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Saint George and the Dragon hero image
Saint George and the Dragon hero image
Saint George and the Dragon hero image

    Saint George and the Dragon Tickets

    Described as a new folk tale for an uneasy nation, director Lyndsey Turner brings the epic tale of Saint George and the Dragon to the National Theatre’s Olivier stage for a strictly limited winter season. A recipient of the Edgerton Foundation New Plays Award, the production follows the revival of beloved musical Follies, starring Imelda Staunton and Janie Dee.

    Set in a little village, Saint George and the Dragon is the well-known story that combines the fairytale dragon and damsel in distress. When wandering Knight George walks in, an impressive battle ensues and sees a new nation born. George is a freedom fighter and an enemy of tyrants across the world.

    As the village grows into a town, then into a large city, the inexplicable myth of Saint George is doubted. The legend that once brought people together quickly threatens to divide them.

    Oppenheimer’s John Heffernan stars as George, opposite Suzanne Ahmet, Jason Barnett, Julian Bleach, Luke Brady, Paul Brennen, Joe Caffrey, Paul Cawley, Richard Goulding, Gawn Grainger, Tamzin Griggin, Stephanie Jacob, Olwen May, Victoria Moseley, Conor Neaves, Amaka Okafor, Sharita Oomeer, Jeff Rawle, Kirsty Rider and Grace Saif.

    Lyndsey Turner directs the production, with previous credits including Hamlet, starring Benedict Cumberbatch, Chimerica and Light Shining in Buckinghamshire. Creative team includes designer Rae Smith, lighting designer Bruno Poet and sound designer Christopher Shutt, with choreography by Lynne Page and music by Grant Olding.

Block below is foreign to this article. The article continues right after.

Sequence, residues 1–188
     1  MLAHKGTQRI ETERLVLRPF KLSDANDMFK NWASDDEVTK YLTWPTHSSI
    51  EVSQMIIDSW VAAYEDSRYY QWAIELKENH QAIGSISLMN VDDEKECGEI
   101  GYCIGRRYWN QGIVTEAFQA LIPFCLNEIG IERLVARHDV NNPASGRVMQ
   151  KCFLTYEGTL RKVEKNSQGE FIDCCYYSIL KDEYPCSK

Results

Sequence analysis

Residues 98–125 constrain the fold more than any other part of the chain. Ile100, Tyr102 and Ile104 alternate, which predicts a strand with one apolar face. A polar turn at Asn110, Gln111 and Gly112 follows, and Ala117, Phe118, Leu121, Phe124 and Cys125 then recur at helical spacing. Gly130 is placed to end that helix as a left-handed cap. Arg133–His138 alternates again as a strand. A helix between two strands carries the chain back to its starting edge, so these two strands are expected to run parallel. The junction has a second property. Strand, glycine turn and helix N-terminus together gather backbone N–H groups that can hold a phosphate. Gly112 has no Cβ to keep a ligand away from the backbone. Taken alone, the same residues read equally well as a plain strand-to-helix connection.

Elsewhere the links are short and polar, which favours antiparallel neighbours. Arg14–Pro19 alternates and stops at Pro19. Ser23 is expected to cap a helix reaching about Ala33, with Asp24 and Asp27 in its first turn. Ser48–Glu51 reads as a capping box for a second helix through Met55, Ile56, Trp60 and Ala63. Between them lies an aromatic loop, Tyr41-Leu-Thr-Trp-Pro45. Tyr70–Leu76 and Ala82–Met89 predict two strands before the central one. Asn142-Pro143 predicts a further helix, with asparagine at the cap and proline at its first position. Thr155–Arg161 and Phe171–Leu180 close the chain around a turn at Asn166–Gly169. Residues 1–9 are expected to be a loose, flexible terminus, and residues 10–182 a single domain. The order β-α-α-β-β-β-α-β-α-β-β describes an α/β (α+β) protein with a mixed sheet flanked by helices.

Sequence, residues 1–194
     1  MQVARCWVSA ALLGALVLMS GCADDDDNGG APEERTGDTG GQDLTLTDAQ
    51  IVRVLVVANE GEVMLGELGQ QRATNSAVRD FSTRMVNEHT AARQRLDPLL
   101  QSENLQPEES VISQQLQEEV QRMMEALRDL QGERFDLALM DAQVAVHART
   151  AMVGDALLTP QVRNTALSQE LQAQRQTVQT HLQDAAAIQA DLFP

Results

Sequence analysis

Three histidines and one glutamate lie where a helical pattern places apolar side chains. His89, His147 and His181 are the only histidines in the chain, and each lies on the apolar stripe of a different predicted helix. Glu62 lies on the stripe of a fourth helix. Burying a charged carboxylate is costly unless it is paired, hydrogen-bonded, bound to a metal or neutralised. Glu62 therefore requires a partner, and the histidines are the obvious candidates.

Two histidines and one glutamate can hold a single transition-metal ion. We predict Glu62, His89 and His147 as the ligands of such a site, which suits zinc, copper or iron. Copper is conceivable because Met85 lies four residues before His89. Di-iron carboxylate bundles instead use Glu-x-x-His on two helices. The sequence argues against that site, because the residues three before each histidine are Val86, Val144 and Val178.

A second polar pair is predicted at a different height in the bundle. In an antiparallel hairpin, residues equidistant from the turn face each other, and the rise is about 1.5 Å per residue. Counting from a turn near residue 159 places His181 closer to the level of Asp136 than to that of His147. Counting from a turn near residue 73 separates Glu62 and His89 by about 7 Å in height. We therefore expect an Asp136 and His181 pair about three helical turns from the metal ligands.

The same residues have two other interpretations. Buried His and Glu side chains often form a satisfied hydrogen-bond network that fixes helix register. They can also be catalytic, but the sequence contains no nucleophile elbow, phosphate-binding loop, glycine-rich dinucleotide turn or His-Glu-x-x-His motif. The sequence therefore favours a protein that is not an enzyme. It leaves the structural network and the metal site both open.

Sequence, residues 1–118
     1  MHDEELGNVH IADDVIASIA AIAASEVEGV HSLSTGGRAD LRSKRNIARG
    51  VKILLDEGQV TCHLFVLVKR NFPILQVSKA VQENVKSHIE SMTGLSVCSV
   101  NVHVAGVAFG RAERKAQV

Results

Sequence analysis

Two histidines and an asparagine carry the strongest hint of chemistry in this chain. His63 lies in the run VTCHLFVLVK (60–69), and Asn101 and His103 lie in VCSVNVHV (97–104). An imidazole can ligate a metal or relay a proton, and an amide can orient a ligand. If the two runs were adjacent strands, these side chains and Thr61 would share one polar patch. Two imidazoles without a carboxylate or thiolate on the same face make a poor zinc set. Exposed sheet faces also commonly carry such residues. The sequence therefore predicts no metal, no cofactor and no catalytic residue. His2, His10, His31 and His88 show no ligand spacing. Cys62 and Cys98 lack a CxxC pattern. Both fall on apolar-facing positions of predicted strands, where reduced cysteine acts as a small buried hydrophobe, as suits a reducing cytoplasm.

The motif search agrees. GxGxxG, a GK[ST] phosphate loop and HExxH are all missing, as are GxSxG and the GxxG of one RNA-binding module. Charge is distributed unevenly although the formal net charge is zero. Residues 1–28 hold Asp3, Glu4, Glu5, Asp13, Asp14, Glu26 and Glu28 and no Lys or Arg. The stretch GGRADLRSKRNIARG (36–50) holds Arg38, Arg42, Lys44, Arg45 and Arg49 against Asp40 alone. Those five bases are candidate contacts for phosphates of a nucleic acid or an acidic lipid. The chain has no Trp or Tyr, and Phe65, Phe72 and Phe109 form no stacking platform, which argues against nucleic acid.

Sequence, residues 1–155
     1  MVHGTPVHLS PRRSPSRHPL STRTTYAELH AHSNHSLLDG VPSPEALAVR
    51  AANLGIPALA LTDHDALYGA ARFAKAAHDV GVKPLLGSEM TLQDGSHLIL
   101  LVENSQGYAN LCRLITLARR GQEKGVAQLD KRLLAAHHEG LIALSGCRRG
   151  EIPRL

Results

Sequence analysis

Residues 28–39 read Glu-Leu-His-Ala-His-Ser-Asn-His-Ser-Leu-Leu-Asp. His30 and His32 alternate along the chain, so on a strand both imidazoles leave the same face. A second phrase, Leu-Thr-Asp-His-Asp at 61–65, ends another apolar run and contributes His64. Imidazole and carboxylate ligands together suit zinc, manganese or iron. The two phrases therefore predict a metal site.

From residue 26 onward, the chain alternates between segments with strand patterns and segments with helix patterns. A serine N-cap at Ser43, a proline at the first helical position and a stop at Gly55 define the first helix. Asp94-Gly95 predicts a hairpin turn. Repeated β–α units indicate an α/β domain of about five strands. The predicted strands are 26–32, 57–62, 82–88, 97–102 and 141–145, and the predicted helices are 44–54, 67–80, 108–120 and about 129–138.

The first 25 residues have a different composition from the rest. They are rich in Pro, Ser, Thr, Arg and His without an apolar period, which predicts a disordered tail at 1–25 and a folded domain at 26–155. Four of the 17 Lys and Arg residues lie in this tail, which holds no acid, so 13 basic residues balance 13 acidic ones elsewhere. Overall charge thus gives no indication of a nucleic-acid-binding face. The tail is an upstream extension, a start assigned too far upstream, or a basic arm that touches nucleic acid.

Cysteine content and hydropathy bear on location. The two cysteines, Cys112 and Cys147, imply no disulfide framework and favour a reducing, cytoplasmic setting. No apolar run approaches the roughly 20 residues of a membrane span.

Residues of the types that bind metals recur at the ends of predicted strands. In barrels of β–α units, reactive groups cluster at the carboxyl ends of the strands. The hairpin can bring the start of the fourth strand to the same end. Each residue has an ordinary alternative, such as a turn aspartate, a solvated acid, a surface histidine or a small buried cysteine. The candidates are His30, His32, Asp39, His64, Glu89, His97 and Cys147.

Saint George and the Dragon is the fun folk tale that brings the story well into the future. Playing at the Olivier Theatre throughout winter, the production runs from October 4th to December 2nd 2017, with an official press night on October 11th 2017.

    Performance dates: 01 Dec 2017 - 02 Dec 2017

    Running time: 2 hours 45 minutes (including an interval)

    Age recommendation: Suitable for 13+.

    Special notice: Fans of Lyndsey Turner’s work will recognise her signature style here, whilst the engaging story is sure to enthral theatregoers of all ages. Catapulted into the future, this is not one to miss!

    Best Seats

    SeatPlan Recommends: Seats throughout the Olivier Theatre offer excellent views of the stage. Sit in the centre of the Stalls for the best overall views, although bargains can be found toward the ends of rows, where rows curve but do not restrict the action.

    Sit in the Circle for a great overall view of the stage, although action could seem distant.

    Latest Audience Reviews

    I really enjoyed the show although it wasn’t at all what I was expecting. I expected it to be all medieval... More

    alisonreneti 23 Nov 2017

    I really enjoyed the show although it wasn’t at all what I was expecting. I expected it to be all medieval with knights and dragons when in fact it moved through quite a few eras with an unusual twist at the end. The actor that played Saint George was very good.

    alisonreneti 23 Nov 2017

    A great and refreshing take on the mythical story of "Saint George And The Dragon".

    Lethaniel-S-C 27 Jan 2018

    Interesting stage design - as one remarked, they always have, here. A vertiginous 3D effect, with houses... More